When Compania de Cemento Argos, S.A. was founded in Medellin, Colombia, 70 yearsago, its founders could scarcely have imagined that their small entrepreneurial venturewould one day become the biggest cement company in Colombia, the fifth-largest pro-?ducer in Latin America and one of the pioneers of good governance in the region.
In the beginning, the founders realized that they would need co-investors to moveahead with plans to build their first cement factory.
The City of Medellin and theAntioquia Railroad were the business’ first partners.
Two years later, the factory was oper-ating and the company began a history of fruitful creation of new plants and several sub-sidiary companies.
At the end of 2005, the old Compania de Cemento Argos was transformed into aholding company and renamed Inversiones Argos, S.A. (Inversiones Argos).
Its eightColombian cement subsidiaries were merged to form a single new operating company,Cementos Argos, S.A. (Cementos Argos).
Today, Inversiones Argos is the owner of 70% of the shares of Cementos Argos. Theremaining 30% of shares of Cementos Argos are in the hands of smaller shareholders.
Minority shareholders have no guarantee of tag-along right in case of transfer of control.Seventy-seven percent of the portfolio of Inversiones Argos is represented by itsinvestment in Cementos Argos, with the remainder largely invested in finance and insur-ance companies.
The largest and controlling shareholder of Inversiones Argos is theGrupo Empresarial Antioque?o (Colombia’s largest conglomerate), while the remaining46% of Inversiones Argos’s shares are in free float and held by assorted investors.Specifically, international investors and local pensions and severance payments adminis-tration companies hold approximately 11% of the shares of Inversiones Argos, withanother 35% of shares in the hands of smaller minority shareholders.
Both Inversiones Argos and Cementos Argos are publicly-held corporations listed onthe Bolsa de Valores de Colombia.
The companies do not rule out the possibility of issuing shares on the NYSE in the future. Shares of Inversiones Argos and Cementos Argosare included in IGBC Index of the Bolsa and perform similar to the performance of thewhole Index. Cementos Argos and its subsidiaries have more than 10,500 employees.
When Cementos Argos first decided to adopt good governance practices, it faced analmost complete lack of knowledge on the subject in the Colombian market. Yet, intaking the decision to move towards good governance practices, it was essential toconvey to the market what corporate governance meant for the company, and that theprinciples of good governance were not just a fad—they were here to stay. The company initially adopted a basic Code of Corporate Governance, which wassubsequently amended in line with international benchmarks. The revised Code,emphasizing aspects of disclosure and free flow of information, was discussed with avariety of stakeholders, from employees to the Board of Directors. Cementos Argos,following recommendations by its shareholders, the Board of Directors and other?stakeholders, challenged itself to comply with the highest corporate governance stan-dards advocated by international organizations. In 2004, the company finalized andpublished its Good Governance Code, which complies with the majority of NYSE,OECD, International Finance Corporation (World Bank Group), Brazilian Instituteof Corporate Governance (IBGC) and other local institutions’ recommendations forcompanies.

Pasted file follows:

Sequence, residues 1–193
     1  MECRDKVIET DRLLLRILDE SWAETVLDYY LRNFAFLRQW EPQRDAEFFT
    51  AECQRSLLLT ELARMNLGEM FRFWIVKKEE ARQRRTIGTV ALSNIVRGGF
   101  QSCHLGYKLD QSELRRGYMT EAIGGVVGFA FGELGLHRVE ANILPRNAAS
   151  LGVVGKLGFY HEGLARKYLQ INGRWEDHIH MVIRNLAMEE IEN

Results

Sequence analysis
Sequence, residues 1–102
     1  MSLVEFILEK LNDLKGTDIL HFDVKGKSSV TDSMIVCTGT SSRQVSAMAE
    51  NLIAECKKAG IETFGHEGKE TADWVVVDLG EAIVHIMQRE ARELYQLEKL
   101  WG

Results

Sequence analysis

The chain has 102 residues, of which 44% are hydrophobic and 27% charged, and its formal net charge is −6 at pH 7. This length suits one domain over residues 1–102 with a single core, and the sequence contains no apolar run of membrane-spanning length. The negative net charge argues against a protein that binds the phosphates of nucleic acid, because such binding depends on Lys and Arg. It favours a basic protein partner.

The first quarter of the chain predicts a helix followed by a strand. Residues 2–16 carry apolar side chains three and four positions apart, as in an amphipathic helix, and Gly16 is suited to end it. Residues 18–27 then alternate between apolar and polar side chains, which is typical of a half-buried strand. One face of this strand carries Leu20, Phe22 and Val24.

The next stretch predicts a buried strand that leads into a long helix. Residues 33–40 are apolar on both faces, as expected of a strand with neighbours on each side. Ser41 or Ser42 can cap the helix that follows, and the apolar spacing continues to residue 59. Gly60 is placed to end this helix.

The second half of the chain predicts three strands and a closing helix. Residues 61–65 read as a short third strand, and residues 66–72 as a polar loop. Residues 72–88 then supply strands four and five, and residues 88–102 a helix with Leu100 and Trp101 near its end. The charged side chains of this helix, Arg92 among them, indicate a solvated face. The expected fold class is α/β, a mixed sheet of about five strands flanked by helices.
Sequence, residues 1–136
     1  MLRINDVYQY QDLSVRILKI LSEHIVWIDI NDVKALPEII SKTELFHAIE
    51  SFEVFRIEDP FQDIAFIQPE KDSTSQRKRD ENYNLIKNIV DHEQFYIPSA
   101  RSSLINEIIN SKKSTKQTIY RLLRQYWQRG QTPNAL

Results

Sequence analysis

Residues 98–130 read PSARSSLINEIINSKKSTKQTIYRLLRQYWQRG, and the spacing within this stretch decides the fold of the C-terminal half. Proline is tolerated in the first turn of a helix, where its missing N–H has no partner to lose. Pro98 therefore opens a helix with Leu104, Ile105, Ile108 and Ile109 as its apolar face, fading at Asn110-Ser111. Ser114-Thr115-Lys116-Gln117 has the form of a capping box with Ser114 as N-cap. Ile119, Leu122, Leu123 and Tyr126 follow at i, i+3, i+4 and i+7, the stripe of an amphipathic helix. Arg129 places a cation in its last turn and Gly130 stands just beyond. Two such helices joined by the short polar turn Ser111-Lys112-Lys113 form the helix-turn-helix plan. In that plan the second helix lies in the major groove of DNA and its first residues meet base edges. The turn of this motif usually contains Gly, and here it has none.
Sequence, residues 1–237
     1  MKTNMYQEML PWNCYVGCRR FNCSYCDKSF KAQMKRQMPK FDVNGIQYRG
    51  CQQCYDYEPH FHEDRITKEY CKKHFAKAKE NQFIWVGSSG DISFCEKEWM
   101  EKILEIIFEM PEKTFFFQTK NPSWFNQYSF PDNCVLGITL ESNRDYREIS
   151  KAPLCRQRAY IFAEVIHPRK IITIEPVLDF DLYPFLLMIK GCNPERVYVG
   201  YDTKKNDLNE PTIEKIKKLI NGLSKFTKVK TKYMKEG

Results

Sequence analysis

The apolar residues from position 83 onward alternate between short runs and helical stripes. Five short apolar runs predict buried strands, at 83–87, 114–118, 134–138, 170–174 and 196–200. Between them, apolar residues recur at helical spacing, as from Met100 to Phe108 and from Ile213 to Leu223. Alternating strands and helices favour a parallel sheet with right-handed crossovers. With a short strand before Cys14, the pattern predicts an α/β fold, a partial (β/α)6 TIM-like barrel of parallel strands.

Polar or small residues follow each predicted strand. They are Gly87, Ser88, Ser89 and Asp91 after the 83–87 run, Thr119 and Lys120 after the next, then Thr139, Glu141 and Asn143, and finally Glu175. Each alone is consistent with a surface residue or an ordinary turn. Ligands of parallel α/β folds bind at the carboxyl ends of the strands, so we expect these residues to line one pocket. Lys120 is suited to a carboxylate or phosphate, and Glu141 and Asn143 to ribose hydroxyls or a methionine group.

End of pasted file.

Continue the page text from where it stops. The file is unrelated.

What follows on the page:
The management of Cementos Argos now understands that implementing betterdisclosure practices helps generate wealth for shareholders and facilitates access toinvestors. The management is also convinced that adopting good governance prac-tices differentiates Cementos Argos from its competitors in the product and capitalmarkets.
Cementos Argos’s structure of corporate governance focuses on five main pillars:fair treatment of shareholders; strengthening the structure and performance of theBoard of Directors; developing procedures to provide accurate, complete and timelyinformation; establishing an Ethics Code for employees; and regulating relations withdifferent interest groups.Finally and notably, it was decided that both internal and external auditors shouldreview and inform the market of Cementos Argos’s compliance with its GoodGovernance Code. The company’s chief legal officer is charged with overseeing issuesrelated to corporate governance. In addition to good corporate governance practices, Cementos Argos attachesgreat importance to corporate social responsibility and value-added initiatives thatenhance the localities in which they operate. In particular, the company spent US$2.6 million during 2005 on different community programs benefiting education,charity, health, nutrition and cultural arts.